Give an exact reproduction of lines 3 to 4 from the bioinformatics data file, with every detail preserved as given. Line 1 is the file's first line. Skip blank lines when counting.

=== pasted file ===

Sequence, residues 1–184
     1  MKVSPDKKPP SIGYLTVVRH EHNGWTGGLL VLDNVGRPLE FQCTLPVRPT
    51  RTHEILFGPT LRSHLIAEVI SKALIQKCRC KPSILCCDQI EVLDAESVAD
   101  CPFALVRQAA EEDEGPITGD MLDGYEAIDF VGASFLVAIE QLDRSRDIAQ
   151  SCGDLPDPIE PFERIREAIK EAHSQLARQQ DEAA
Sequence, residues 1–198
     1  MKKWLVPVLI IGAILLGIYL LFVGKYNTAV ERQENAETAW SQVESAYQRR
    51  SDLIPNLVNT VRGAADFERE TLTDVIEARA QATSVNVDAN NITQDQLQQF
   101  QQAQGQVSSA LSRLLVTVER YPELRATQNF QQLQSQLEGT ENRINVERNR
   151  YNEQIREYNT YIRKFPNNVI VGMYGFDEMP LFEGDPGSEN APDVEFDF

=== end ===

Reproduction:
    51  RTHEILFGPT LRSHLIAEVI SKALIQKCRC KPSILCCDQI EVLDAESVAD
   101  CPFALVRQAA EEDEGPITGD MLDGYEAIDF VGASFLVAIE QLDRSRDIAQ